Final diagnosis and first post

A tub of yoghurt followed by two horse pills is my breakfast these days. All washed down with one or two cups of tea.

IMG_2396Don’t be fooled by the size. These ‘horse’ pills are bigger than you think.

By the time one of them hits the back of my throat it turns sideways, even as I put it into my mouth pointy end forward.

To swallow one is to gag and then gulp down mouthfuls of water before they finally settle somewhere in my stomach.

I feared I was on the control dose, by the absence of taste. They taste like nothing, just the faint tang of plastic, but the woman who asks me questions and runs me through tests told me the pills are made in a factory to certain specifications and all the pills, whether the real thing or the control, are made to taste the same.

I had hoped I’d be on the real thing, not the placebo.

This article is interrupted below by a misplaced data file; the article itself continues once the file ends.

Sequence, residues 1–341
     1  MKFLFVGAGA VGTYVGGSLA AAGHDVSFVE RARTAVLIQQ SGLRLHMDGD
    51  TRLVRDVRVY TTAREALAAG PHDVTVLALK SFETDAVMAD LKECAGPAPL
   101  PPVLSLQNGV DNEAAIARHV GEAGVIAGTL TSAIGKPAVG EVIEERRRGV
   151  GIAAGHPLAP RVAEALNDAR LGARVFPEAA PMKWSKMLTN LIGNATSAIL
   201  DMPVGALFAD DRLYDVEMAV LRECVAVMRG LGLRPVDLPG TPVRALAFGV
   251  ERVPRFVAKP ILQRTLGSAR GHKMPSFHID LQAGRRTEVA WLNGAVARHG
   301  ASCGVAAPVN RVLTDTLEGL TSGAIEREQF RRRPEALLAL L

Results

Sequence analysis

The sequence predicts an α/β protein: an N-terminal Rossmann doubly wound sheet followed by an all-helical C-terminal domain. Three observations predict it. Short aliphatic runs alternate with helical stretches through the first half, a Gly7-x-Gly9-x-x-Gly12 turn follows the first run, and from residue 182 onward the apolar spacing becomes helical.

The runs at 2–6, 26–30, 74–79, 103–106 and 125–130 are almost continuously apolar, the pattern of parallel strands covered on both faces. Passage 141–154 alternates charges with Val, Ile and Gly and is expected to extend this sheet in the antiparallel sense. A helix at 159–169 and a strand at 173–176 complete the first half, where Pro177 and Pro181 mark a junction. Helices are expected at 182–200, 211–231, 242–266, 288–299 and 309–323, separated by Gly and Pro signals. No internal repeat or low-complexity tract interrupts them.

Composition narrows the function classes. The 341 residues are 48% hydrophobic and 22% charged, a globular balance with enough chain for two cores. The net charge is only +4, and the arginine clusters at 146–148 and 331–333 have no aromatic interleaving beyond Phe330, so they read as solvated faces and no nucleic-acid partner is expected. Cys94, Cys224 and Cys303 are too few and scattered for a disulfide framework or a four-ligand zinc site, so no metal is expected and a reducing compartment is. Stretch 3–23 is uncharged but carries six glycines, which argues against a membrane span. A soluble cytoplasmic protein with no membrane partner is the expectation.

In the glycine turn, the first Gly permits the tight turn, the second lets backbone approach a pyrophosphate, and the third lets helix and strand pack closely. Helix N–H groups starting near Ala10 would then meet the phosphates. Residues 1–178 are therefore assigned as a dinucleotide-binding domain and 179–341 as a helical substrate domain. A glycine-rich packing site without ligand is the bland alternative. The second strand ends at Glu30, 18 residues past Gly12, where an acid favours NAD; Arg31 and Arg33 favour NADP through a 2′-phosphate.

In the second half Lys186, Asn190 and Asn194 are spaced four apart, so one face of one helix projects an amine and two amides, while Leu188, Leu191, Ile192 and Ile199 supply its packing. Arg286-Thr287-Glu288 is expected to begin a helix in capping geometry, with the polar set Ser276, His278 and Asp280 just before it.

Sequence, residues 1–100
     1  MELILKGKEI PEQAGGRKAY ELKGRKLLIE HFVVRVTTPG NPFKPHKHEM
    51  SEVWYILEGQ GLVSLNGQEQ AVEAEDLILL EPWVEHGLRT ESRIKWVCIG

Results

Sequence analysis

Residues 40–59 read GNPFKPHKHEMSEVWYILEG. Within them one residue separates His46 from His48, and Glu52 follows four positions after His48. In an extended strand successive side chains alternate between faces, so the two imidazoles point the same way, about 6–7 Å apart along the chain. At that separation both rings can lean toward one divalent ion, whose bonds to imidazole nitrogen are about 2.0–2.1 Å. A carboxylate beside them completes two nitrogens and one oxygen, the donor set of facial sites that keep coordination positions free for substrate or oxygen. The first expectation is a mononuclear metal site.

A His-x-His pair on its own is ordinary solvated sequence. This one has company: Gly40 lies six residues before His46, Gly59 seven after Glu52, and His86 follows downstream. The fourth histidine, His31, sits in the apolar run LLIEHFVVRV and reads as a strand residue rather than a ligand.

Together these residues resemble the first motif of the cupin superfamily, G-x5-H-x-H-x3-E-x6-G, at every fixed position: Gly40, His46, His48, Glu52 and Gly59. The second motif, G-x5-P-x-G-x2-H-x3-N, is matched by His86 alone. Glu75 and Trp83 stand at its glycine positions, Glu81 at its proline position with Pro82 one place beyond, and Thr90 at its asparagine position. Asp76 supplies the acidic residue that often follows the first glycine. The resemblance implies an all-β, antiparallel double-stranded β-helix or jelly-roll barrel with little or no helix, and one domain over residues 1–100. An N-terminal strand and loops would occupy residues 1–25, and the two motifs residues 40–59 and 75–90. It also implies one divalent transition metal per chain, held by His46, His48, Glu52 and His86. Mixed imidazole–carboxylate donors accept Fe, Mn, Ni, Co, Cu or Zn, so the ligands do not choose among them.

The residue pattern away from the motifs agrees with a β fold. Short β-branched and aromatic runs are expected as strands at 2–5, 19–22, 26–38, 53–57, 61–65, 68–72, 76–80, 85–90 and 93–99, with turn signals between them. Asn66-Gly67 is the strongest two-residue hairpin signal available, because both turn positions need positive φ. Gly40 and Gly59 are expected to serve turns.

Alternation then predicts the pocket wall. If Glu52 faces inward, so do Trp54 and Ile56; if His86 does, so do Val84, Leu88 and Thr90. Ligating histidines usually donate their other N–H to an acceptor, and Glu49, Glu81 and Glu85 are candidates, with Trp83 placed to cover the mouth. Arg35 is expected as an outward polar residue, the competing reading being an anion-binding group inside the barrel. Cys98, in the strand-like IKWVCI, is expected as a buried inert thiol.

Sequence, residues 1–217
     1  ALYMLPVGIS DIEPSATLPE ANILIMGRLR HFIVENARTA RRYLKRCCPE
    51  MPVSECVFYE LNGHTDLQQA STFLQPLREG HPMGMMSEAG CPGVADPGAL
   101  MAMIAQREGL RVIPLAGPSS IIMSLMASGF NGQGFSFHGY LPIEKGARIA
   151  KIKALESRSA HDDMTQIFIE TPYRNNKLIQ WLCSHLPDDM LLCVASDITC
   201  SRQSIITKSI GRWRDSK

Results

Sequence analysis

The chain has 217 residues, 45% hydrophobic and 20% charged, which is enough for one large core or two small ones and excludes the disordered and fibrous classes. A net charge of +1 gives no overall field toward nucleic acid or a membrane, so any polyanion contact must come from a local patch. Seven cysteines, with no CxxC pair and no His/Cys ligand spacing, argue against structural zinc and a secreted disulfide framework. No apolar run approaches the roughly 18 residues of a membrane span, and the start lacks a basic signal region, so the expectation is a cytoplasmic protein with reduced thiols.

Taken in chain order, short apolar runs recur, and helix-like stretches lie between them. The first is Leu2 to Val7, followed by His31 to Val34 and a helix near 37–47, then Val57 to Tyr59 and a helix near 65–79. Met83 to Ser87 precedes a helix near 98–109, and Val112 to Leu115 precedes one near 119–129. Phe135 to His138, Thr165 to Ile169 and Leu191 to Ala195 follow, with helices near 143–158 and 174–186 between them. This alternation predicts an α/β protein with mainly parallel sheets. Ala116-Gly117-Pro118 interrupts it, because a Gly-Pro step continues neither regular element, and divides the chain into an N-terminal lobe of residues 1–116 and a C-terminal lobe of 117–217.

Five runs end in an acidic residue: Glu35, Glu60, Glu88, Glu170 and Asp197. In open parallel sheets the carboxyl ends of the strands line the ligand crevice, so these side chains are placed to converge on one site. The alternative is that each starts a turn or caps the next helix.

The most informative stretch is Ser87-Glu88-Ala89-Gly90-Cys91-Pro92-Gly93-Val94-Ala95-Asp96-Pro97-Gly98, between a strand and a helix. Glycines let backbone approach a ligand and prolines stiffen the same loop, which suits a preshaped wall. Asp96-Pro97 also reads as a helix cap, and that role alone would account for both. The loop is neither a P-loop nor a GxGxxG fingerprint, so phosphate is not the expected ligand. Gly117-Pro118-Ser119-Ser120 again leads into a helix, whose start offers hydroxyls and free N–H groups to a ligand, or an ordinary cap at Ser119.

I had hoped I might observe remarkable changes in my cognition, in my memory, in my ability to perform these Lumosity type tasks that the researchers set every time I visit the Swinburne University where the tests take place.

The pills are meant to contain a mint extract, and the hypothesis follows that this extract will improve cognitive functioning in people over fifty.

I haven’t noticed any deterioration, but as for improvement, there’s none there either.

I agreed to participate in this study, not only for the altruism of giving back to the community via scientific research, but also because they offered an MRI as part of the procedure.

A free MRI. I can establish once and for all that my brain is okay.

In the waiting room at the department for psychopharmacology, the drawing board near reception is filled to the brim with notices of rooms for rent and requests for participation in other research projects.